Former Canadian diplomat Bob Fowler is getting a lot of media attention around his new book on his kidnapping in Niger. Fowler and his colleague, Louis Guay, demonstrated remarkable endurance during their harrowing ordeal. While Mr. Fowler does credit the Canadian government with valiant efforts in negotiating his safe release, in a recent editorial board meeting with the Ottawa Citizen he reportedly lamented that his former department of foreign affairs and international trade (DFAIT) kept his wife in the dark through most of the ordeal and never sat down with him for a de-briefing once he was released.
Fowler remarked that he was disappointed with his “once proud” department and suggested that he no longer “feels” the direction of the foreign policy of the current government.
Fowler is not the first to be confused by the current government’s foreign policy. There are plenty of officials in DFAIT that share his concerns and have had trouble adjusting to the government’s approach. Both the opposition and political commentators have been disappointed in what they have called a decline in Canada’s international stature.
I don’t share these concerns. For years success in Canadian foreign policy was measured by our efforts to keep diplomats talking. It was okay for a respected middle power like Canada to aspire to be a “helpful broker”. Our foreign relations success was measured by process not principle.
Well, those times are over. Today, Harper’s foreign policy is characterized by three broad themes: 1. principle over process; 2. putting your money where your mouth is, and; 3. prioritizing trade.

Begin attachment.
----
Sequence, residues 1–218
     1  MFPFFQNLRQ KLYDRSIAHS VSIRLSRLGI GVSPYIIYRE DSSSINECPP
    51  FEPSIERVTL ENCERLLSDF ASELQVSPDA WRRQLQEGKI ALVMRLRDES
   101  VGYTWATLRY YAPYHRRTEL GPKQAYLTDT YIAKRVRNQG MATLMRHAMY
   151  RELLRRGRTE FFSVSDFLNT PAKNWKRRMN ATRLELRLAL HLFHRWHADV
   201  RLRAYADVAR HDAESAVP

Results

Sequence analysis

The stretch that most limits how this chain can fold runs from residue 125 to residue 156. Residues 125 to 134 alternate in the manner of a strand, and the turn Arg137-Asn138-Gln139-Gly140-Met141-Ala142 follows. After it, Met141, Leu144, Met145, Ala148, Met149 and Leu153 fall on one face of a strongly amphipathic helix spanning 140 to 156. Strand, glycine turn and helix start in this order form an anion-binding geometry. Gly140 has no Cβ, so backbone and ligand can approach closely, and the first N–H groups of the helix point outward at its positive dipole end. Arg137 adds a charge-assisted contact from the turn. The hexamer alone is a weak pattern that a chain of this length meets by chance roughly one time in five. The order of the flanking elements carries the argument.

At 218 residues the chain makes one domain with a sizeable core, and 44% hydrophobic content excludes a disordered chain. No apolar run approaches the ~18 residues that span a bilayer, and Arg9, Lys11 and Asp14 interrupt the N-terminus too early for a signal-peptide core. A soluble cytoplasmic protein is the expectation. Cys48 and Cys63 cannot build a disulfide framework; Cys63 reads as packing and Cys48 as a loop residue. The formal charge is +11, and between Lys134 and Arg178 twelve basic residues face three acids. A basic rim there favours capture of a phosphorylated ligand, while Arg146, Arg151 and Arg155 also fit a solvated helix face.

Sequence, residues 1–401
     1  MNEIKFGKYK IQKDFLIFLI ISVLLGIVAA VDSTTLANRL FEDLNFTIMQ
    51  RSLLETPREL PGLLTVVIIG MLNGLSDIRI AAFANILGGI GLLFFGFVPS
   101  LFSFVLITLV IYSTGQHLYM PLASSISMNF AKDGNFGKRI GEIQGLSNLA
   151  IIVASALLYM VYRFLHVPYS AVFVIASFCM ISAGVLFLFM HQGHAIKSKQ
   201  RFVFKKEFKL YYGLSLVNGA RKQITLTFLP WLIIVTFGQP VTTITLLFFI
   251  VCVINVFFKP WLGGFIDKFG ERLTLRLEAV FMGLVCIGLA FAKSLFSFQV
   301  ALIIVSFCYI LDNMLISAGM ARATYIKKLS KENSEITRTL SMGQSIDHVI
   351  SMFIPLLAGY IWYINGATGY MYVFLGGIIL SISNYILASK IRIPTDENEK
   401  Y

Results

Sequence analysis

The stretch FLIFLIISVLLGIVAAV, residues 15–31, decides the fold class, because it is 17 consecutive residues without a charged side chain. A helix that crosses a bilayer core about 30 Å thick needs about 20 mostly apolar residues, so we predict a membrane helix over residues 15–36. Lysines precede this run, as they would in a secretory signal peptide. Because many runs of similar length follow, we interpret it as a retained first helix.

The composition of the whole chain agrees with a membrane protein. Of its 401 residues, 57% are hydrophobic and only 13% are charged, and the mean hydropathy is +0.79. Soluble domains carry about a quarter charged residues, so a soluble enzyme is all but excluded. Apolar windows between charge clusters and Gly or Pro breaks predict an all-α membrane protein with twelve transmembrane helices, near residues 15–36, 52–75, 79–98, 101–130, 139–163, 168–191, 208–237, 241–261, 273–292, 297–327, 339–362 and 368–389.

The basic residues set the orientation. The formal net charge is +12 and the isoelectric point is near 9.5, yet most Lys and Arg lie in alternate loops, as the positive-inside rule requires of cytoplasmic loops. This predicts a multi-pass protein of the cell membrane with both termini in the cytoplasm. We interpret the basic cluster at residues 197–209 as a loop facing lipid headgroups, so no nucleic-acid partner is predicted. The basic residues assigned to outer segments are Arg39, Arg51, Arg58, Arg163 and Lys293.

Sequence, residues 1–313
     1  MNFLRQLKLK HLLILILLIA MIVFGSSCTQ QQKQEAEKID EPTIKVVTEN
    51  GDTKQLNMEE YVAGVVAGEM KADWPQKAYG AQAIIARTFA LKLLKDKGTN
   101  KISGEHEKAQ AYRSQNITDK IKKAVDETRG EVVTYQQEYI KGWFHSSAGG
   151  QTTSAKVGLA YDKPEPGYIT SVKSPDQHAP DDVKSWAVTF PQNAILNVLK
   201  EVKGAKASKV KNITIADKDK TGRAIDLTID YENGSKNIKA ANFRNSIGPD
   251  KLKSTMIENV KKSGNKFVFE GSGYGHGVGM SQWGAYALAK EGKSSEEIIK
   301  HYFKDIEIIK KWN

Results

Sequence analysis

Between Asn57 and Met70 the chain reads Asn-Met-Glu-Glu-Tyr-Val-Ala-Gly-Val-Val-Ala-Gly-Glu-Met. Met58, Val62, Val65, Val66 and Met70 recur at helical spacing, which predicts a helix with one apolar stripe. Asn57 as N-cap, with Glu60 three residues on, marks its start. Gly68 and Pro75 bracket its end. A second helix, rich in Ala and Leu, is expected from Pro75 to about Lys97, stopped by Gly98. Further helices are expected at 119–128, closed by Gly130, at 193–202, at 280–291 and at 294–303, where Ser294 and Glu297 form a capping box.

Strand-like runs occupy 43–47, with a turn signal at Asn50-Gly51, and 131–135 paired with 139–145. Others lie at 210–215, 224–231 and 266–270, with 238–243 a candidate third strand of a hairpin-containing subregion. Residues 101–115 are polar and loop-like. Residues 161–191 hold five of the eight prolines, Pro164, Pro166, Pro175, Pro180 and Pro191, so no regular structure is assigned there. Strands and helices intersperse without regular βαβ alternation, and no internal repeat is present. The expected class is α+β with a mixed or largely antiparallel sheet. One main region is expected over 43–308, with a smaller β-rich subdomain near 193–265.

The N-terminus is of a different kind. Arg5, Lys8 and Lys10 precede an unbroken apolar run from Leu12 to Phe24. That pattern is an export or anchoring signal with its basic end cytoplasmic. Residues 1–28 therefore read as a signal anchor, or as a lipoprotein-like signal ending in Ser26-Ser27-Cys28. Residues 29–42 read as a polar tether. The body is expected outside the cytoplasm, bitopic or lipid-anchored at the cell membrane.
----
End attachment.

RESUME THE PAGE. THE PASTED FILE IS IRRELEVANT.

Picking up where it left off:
The best example of “principle over process” has to be the government’s voting record on Israel. Harper deeply believes in defending Israel, the only democratically elected government in the Middle East, even though it is unpopular at the UN. His support for Israel probably cost Canada its seat on the UN Security Council, but Harper’s attitude was that compromising this position was not worth “pleasing every dictator with a vote at the UN.”
The government is also demonstrating its commitment to Western security by finally putting its money where its mouth is. Defense spending rose from $17 billion in 2006 to $24 billion in 2010. It is now at its highest point since World War II (in real dollars). Similarly, the government has delivered on Canada’s 2002 pledge to double international aid efforts. In last year’s budget, foreign aid increased by 8 per cent bringing our total for the 2010/11 fiscal year to $5 billion. This is double that of government in 2002 when the commitment was first made.
But it is in the area of trade where the government has moved most decisively. Since 2006, it has concluded five trade agreements with nine countries and has entered into discussions with four more. The negotiated deals include a focus on an emerging priority, Latin America, with Columbia, Peru, Panama and Honduras. Also, Jordan and the European Free Trade Association of Iceland, Norway, Switzerland and Liechtenstein. Canada has initiated major talks with the US on border security and regulatory co-operation and Canada EU free trade.
Just last week the government signalled its intention to enter into negotiations with major Asian Pacific economies through the “Trans Pacific Partnership”, even though it represents a possible challenge to Canada’s supply management system. The Dairy farmers of course remain a mighty effective political force to be reckoned with.
The government’s decision to enter these discussions is a tangible demonstration of the belief that Canada’s prosperity is inextricably linked to trade. Canada won’t back away from any deal that is in Canada’s overall interest, even if it means a battle at the negotiating table. This is what a strong trade policy looks like.
So it is not surprising that some people don’t recognize Canadian foreign policy today. It has changed. But, it is consistent – clear and policy-driven as opposed to process orientated. Bob Fowler has given much for his country. Harper will be demanding much more as we move from the role of honest broker to a real player in international affairs.